|Publication number||US6340504 B1|
|Application number||US 09/352,014|
|Publication date||Jan 22, 2002|
|Filing date||Jul 12, 1999|
|Priority date||Sep 25, 1998|
|Publication number||09352014, 352014, US 6340504 B1, US 6340504B1, US-B1-6340504, US6340504 B1, US6340504B1|
|Inventors||Paul Neumann, Donald P. Hart, Jr.|
|Original Assignee||Universal Woods Incorporated|
|Export Citation||BiBTeX, EndNote, RefMan|
|Patent Citations (31), Referenced by (15), Classifications (23), Legal Events (7)|
|External Links: USPTO, USPTO Assignment, Espacenet|
This application is a continuation of provisional application 60/101,807 filed Sep. 25, 1998.
The invention relates to a process of coating a plastic or high pressure laminated substrate with a radiation-cured sublimatable coating and more particularly relates to a process which provides a plastic or high pressure laminated substrate with a coating which is capable of accepting sublimatable inks by means of dye sublimation.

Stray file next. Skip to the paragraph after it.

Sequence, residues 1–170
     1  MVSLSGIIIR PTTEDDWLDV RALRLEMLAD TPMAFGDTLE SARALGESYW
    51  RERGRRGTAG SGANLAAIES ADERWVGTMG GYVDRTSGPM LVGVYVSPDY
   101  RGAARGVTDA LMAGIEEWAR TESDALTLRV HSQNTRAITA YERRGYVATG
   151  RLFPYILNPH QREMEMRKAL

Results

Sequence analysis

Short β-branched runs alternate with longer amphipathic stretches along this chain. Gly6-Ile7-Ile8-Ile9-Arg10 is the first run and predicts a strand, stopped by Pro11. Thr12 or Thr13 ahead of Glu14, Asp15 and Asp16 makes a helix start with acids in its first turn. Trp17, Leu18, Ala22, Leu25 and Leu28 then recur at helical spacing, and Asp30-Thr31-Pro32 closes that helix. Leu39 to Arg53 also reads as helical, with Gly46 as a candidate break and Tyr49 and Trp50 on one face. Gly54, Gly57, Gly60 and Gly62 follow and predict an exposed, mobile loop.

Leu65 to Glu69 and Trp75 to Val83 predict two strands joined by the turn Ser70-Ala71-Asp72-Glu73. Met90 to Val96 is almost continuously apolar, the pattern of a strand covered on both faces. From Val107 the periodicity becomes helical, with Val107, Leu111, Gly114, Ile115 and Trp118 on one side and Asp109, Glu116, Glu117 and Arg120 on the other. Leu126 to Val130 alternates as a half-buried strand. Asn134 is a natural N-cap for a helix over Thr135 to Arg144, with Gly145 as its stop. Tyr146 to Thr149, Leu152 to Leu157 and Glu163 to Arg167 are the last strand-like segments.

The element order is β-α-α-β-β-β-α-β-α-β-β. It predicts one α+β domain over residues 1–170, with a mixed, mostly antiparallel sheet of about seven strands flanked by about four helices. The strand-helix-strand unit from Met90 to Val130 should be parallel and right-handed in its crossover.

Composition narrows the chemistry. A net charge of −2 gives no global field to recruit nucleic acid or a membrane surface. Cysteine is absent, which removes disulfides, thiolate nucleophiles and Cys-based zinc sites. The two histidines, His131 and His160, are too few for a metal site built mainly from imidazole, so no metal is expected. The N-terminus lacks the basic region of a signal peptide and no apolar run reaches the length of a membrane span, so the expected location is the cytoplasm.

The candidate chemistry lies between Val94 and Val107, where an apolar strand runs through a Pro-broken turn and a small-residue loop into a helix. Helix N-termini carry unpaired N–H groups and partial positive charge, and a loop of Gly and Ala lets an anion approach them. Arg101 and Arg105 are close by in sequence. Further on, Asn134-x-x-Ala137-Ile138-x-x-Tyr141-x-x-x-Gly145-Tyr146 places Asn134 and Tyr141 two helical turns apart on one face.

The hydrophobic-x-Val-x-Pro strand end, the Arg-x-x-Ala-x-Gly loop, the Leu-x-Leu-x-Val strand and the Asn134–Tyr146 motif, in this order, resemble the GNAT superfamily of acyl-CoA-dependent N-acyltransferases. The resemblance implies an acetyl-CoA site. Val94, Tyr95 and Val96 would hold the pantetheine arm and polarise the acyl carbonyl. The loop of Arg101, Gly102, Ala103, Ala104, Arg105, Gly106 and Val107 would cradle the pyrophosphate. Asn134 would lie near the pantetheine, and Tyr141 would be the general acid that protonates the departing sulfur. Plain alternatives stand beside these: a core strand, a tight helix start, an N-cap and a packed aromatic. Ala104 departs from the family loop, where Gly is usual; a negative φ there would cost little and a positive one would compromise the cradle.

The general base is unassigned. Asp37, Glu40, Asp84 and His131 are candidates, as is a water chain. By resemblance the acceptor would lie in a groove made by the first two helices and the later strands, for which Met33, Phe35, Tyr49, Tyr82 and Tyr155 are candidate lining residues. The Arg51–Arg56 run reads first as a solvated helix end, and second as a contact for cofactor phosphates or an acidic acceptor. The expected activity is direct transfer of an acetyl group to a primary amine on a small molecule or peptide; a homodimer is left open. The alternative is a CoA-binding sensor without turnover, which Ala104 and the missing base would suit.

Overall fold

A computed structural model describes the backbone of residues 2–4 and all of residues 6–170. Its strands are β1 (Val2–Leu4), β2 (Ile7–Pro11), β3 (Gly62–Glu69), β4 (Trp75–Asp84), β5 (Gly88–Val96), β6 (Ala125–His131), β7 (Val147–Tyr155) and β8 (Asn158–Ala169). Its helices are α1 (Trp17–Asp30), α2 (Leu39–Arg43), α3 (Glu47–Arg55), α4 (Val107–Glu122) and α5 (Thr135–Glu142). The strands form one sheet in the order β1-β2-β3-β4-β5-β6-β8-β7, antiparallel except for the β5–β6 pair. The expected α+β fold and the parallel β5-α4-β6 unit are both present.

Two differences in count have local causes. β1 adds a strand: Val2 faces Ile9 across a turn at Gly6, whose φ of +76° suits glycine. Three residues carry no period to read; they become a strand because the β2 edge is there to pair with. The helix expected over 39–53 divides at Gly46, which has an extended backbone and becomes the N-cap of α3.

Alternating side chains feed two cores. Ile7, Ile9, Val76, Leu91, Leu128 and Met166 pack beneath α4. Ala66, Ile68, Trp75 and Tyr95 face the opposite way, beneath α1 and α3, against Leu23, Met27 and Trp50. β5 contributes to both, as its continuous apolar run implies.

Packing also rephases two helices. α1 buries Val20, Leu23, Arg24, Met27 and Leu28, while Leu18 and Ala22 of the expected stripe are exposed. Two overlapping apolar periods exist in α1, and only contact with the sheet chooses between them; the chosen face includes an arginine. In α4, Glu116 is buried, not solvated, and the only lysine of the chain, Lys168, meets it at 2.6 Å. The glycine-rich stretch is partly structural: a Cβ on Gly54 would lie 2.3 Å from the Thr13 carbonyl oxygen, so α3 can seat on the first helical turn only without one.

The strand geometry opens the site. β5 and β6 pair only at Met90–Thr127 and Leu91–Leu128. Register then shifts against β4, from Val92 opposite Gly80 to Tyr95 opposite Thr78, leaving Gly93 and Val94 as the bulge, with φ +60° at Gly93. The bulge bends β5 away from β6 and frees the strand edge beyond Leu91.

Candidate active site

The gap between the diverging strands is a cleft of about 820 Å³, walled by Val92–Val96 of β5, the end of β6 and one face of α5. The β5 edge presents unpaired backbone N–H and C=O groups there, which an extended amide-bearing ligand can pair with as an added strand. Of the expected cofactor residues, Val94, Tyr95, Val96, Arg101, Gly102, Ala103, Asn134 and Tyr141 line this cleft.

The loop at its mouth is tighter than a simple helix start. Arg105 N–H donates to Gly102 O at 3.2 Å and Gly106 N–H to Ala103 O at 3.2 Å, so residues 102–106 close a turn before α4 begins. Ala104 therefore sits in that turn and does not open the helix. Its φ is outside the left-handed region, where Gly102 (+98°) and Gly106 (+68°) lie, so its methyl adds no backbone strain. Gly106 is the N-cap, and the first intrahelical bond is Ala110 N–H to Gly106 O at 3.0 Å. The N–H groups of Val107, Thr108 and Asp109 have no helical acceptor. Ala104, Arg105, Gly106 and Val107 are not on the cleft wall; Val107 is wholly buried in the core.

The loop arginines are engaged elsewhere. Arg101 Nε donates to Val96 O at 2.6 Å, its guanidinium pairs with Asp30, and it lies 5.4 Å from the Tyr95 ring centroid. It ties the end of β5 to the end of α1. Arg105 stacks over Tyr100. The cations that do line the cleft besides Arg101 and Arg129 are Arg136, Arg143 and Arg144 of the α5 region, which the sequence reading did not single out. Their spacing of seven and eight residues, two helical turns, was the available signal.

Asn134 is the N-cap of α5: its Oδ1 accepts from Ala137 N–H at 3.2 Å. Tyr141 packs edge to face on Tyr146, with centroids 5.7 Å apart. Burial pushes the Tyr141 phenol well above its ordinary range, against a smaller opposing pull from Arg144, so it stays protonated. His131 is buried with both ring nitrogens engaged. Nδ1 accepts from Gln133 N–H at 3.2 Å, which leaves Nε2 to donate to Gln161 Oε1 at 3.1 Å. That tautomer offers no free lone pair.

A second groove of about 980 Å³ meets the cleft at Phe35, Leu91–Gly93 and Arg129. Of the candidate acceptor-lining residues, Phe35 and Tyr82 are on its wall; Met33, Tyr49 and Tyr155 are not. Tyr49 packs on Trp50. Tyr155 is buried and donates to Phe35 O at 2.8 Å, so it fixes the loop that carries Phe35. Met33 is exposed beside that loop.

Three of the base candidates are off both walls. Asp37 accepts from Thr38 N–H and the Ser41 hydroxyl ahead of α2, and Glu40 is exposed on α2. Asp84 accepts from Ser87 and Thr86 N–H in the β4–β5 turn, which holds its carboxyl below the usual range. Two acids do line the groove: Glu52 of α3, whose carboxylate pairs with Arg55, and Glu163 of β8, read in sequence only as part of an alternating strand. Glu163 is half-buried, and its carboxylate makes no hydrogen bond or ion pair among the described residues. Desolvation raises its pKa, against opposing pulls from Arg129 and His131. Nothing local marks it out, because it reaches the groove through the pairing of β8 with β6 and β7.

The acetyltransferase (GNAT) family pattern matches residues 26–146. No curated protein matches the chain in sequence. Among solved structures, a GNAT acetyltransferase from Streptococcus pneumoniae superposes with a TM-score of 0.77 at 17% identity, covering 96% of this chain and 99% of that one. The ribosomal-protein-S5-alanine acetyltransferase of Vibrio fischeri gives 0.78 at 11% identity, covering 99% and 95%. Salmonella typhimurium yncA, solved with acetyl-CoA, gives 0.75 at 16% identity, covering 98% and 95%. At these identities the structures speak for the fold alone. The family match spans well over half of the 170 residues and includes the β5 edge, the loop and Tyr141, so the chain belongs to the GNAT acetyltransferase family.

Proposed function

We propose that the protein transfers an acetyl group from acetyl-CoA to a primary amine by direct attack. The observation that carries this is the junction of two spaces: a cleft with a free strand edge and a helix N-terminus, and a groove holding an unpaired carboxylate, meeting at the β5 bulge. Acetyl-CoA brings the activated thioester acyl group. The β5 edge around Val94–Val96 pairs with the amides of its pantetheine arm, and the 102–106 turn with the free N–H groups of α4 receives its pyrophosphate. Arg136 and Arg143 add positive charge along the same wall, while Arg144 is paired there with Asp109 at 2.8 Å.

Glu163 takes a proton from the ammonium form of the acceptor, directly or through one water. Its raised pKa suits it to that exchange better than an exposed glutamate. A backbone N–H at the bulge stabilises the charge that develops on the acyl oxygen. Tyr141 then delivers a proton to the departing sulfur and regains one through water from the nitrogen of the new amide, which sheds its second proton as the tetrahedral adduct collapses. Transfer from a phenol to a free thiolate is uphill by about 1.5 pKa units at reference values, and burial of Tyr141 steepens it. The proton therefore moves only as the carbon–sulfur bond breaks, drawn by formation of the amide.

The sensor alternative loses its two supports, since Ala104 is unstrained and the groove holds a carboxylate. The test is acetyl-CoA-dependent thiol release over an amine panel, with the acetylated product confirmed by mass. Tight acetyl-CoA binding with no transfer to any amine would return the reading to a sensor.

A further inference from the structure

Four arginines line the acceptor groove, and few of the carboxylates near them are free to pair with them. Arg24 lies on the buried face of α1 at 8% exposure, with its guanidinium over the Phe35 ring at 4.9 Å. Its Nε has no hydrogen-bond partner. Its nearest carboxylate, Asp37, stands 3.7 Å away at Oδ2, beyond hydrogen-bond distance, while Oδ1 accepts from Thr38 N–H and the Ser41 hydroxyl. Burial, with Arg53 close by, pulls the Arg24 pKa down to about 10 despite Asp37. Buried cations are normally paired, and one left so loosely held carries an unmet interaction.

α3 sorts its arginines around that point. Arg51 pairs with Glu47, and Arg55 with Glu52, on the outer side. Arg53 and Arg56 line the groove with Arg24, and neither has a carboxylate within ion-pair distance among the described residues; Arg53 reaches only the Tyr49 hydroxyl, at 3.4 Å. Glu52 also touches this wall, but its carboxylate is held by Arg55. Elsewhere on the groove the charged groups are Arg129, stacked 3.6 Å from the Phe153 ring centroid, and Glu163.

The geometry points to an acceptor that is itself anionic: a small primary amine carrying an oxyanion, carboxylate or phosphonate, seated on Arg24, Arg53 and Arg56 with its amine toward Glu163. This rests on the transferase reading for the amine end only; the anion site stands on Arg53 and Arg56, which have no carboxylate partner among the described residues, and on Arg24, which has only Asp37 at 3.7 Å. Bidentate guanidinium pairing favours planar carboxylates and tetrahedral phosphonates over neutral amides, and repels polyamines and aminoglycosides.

It is known in the art to create sublimated products with radiation-cured coatings by adhering them to wood, ceramic, or metal substrates. These coatings which are typically a polyester, polyurethane or an acrylic are then susceptible to receiving designs of selected indicia transferred into them wherein the use of a sublimatable ink transfer and a heat press is designed to provide sufficient heat and pressure to make the transfer possible. However, at the temperatures normally employed in preparing the coating or in transferring the sublimatable inks to plastic substrates, plastic substrates are normally affected adversely. For example, the plastic substrates can accept these images prepared by die sublimation but are not durable and require additional protective layers after the sublimatable ink has been transferred thereon. It is known that certain plastics in film form such as MYLAR and polyethylene terephthalate (PET) can accept sublimation images without a coating. However, these films are typically thin and laminated to a substrate after sublimation and are relatively expensive.